Stolen Munch Works Recovered in Norway

Three works of art by Norwegian master Edvard Munch (search) — including a unique watercolor entitled "Blue Dress" — were recovered less than 24 hours after thieves with crowbars pried them loose from a restaurant's walls, police said.

Authorities also made several arrests in the capital on Monday, including several known criminals, police spokesman Iver Stensrud said.

He declined to say how many were detained or give details about the condition of the stolen watercolor and two lithographs while the investigation was still pending.

"We can say the artwork has been recovered," he said. "It was just good police work."

Munch's tortured tableaus have proven to be quite a draw for Norway's art thieves. In August, priceless Munch masterpieces "The Scream (search)" and "Madonna" were stolen from a museum with guards. They have yet to be recovered.

The three pieces stolen Sunday night from the restaurant at the upscale Hotel Refnes were valued at a total of about $257,000.

The most valuable — the 1915 watercolor "Blue Dress" — is worth as much as $161,000, Munch expert and auctioneer Knut Forsberg said.

The other two are lithographs include a self-portrait and a portrait of Swedish artist August Strindberg (search).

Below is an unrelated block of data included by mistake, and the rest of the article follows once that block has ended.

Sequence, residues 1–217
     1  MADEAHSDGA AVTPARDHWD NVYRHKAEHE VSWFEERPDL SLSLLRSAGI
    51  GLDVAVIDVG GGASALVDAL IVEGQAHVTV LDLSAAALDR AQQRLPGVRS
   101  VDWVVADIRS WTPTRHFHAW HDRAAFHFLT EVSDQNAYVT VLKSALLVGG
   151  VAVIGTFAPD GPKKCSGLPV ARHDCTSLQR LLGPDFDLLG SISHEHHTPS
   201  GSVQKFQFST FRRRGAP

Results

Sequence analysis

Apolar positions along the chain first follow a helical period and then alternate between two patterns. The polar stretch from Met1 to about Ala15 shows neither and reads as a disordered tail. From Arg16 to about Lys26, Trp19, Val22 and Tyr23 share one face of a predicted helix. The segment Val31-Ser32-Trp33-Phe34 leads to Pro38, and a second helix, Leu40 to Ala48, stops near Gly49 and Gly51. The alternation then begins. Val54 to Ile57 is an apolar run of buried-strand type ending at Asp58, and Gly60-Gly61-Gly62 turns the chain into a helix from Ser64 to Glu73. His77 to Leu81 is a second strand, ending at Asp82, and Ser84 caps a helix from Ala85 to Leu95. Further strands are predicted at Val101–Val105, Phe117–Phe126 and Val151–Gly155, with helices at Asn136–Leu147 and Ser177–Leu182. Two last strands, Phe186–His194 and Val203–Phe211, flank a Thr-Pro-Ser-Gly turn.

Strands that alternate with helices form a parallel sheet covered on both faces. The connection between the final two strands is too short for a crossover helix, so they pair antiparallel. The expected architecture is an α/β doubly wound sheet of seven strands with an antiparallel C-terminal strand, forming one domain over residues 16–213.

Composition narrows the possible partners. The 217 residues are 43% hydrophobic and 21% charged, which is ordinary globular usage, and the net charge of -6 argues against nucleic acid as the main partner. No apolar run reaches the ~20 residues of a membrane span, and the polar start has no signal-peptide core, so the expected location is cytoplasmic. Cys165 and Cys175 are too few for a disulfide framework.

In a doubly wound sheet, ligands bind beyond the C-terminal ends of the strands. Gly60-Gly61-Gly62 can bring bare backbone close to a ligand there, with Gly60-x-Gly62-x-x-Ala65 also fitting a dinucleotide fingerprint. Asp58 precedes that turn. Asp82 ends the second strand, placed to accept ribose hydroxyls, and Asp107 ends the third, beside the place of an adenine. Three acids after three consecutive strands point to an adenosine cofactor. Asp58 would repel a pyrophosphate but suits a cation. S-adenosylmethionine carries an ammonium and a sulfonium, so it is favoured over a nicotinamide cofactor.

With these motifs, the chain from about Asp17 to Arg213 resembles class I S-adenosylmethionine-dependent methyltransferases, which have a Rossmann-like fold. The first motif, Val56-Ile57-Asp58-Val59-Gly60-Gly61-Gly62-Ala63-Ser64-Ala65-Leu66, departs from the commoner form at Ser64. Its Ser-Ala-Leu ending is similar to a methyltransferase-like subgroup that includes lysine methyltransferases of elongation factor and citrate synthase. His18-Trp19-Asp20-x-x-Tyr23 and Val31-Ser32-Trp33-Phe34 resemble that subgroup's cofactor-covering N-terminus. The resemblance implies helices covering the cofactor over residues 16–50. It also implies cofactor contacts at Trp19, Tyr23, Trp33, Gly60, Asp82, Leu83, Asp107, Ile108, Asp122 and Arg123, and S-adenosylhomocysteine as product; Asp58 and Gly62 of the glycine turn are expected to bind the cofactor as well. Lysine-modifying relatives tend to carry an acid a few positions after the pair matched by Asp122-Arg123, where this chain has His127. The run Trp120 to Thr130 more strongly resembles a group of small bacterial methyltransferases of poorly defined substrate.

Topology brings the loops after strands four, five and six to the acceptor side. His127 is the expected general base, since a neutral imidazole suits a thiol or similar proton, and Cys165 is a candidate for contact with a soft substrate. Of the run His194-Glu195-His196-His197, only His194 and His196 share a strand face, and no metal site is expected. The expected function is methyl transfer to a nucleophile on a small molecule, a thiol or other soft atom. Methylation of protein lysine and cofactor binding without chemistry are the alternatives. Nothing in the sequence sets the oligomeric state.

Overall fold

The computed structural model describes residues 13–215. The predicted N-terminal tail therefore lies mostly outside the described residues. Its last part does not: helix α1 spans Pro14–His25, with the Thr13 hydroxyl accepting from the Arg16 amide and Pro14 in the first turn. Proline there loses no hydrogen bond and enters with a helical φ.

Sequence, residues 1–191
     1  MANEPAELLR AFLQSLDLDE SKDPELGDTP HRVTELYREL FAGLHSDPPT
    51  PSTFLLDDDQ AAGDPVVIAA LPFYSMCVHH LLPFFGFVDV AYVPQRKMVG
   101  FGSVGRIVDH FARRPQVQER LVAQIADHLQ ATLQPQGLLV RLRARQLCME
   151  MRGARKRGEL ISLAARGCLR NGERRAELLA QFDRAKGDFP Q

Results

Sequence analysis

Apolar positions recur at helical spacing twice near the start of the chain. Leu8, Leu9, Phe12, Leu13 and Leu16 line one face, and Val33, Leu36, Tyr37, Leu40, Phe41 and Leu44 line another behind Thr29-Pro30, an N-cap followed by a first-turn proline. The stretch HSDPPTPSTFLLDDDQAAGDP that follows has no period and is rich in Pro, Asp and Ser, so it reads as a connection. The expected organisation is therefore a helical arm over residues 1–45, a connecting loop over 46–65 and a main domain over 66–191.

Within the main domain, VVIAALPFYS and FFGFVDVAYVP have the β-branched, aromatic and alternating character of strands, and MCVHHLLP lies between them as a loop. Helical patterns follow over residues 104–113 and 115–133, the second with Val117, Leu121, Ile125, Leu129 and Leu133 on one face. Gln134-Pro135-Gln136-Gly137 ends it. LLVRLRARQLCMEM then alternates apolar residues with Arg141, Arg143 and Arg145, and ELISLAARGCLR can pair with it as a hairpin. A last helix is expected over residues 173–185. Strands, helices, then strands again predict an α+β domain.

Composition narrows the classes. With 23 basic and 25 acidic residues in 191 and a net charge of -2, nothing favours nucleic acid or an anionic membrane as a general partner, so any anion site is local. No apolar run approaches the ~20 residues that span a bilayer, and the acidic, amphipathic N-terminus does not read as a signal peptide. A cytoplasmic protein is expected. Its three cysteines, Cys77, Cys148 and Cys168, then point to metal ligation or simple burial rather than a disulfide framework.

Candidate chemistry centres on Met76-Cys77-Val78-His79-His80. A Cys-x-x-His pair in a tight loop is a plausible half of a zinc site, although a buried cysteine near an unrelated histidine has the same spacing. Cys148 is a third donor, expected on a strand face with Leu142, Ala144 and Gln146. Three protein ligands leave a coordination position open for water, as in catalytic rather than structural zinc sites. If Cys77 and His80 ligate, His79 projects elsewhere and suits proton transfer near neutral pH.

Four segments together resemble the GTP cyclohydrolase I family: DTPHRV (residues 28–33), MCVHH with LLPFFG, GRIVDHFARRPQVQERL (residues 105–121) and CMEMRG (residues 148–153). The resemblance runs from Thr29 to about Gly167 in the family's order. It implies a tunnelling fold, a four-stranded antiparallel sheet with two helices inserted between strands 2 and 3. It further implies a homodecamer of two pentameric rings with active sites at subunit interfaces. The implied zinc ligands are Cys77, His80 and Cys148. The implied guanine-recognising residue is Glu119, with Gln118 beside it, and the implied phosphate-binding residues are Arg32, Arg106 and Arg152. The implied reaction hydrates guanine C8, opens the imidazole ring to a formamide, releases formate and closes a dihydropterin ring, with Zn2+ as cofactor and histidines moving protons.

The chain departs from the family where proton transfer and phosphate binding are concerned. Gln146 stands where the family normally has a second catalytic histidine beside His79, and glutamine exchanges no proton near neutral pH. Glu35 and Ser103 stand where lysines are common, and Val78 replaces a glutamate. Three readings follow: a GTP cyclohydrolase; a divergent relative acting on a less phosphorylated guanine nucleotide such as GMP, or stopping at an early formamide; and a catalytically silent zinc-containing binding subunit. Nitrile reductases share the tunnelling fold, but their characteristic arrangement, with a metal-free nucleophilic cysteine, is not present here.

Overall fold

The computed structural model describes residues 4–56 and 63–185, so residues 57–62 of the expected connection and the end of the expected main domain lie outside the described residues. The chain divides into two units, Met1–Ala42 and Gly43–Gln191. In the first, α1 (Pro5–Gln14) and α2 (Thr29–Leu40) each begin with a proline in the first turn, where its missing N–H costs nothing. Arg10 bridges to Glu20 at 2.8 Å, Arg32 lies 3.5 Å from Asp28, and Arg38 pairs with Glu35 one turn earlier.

Munch developed an emotionally charged painting style that helped launch the 20th Century Expressionist movement. He died in 1944 at the age of 80, having produced some 1,700 paintings and 30,000 prints.

The hotel's owner, Widar Salbuvik, said the thieves used crowbars to pry the artwork off the walls of the restaurant just after it had closed for the night. The hotel is near the city of Moss, about 50 kilometers (30 miles) south of Oslo.

A hotel worker was walking through the restaurant around 11 p.m. (2200GMT) Sunday and surprised two unarmed men who had torn the pictures and frames from their special security mounts on the walls, police spokesman Jan Pedersen said.

"They dropped one, and broke the frame and glass, but took the picture," Pedersen said. Police were searching for two dark-haired men believed to be in their 20s, he said.

The August theft of "The Scream" and Madonna" from the Munch Museum raised concerns about security in the art world, as three armed robbers grabbed the valuable pieces in broad daylight.

In 1994, another version of "The Scream" was stolen from the National Gallery in Oslo and was recovered a few months later in a sting operation.

Pedersen and Stensrud separately dismissed any immediate claims that the two recent thefts were linked. "There are no grounds for assuming any connection between the thefts, but we will be talking to the Oslo police about it."

"It seems to be a fashion among criminals to steal Munch," the hotel owner Salbuvik said. "How professional is it to steal art? Great value, big risk and hard to sell. They would have to be very slow in the head to do it."

The hotel is located on the island of Jeloey, where Munch lived and worked from about 1913 to 1916. In total, the hotel has seven Munch works in its collection of about 400 pieces, which also includes works by Andy Warhol.

The three Munch pictures stolen Sunday had been attached to the walls, but the burglars ripped the frames from the walls, Salbuvik said. The alarm system had been turned off.

The upscale and exclusive hotel, built in 1767, will continue to display its art works, despite the theft, because it was important to his guests "rather than soft core porn on the TV," he said.